Show header
Hide header
  • The Greek word for little children was often used by older persons in addressing younger ones. "It is a term of parental affection. It applies to Christians irrespective of growth. Used in vv. 12, 28; 3:7, 18; 4:4; 5:21; John 13:33; Gal. 4:19" (Darby). The aged apostle considered all the recipients of his Epistle his dear little children in the Lord. In vv. 13-27 he classified them into three groups: young children, young men, and fathers. Verses 1 John 2:1-12 and 1 John 2:28-29 are addressed to all the recipients in general, and vv. 13-27 to the three groups respectively, according to their growth in the divine life.

  • The things mentioned in 1 John 2:1:5-10 regarding the committing of sin by the children of God, the regenerated believers, who have the divine life and participate in its fellowship (1 John 2:1:1-4).

  • This word and if anyone sins in the succeeding sentence indicate that the regenerated believers can still sin. Though they possess the divine life, it is still possible for them to sin if they do not live by the divine life and abide in its fellowship.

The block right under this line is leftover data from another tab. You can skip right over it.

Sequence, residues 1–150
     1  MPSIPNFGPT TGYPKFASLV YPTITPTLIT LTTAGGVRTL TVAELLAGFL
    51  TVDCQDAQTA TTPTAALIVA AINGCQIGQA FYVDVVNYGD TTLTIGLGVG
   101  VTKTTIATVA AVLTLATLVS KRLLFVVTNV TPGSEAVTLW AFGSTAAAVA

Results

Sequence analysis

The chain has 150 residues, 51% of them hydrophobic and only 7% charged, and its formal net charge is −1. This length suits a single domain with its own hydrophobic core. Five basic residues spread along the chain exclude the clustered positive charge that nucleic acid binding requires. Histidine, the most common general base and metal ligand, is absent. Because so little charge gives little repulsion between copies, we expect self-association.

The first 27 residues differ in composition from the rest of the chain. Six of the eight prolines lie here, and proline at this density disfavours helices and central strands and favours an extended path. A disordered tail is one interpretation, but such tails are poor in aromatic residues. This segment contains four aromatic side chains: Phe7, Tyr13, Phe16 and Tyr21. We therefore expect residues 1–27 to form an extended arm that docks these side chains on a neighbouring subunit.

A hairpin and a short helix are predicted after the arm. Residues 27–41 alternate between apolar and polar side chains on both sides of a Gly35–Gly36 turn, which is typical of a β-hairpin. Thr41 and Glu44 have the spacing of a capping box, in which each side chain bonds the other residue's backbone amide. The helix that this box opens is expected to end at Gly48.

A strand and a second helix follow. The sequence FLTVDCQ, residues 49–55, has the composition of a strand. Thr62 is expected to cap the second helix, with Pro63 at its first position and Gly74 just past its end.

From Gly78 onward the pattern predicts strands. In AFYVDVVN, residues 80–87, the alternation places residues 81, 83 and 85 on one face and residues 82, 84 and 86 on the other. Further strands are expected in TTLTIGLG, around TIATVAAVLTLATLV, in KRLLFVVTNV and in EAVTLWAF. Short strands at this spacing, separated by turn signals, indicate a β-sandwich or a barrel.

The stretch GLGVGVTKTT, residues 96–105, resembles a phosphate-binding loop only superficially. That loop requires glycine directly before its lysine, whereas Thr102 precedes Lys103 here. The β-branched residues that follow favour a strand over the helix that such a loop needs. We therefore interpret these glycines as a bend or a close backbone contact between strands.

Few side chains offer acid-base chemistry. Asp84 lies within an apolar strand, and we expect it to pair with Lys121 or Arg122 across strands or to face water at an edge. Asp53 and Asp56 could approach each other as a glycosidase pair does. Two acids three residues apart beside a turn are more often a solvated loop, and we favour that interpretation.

• Aorist subjunctive, denoting a single act, not habitual action.

  • The Greek word refers to one who is called to another's side to aid him; hence, a helper. It refers also to one who offers legal aid or one who intercedes on behalf of someone else; hence, an advocate, counsel, or intercessor. The word carries the sense of consoling and consolation; hence, a consoler, a comforter. It is used in the Gospel of John (John 14:16, 26; 15:26; 16:7) for the Spirit of reality as our Comforter within us, the One who takes care of our case or our affairs (see note John 14:161a). It is used here in reference to the Lord Jesus as our Advocate with the Father. When we sin, He, based on the propitiation that He accomplished, takes care of our case by interceding (Rom. 8:34) and pleading for us.